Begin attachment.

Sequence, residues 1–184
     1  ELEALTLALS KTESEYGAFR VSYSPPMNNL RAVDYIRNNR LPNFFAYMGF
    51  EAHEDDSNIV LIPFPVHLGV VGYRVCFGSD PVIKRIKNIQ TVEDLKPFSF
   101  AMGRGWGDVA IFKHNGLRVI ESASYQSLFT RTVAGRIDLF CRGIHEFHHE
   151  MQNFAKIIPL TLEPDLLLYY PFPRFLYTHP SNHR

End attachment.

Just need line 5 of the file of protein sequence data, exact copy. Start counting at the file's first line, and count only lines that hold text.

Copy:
   151  MQNFAKIIPL TLEPDLLLYY PFPRFLYTHP SNHR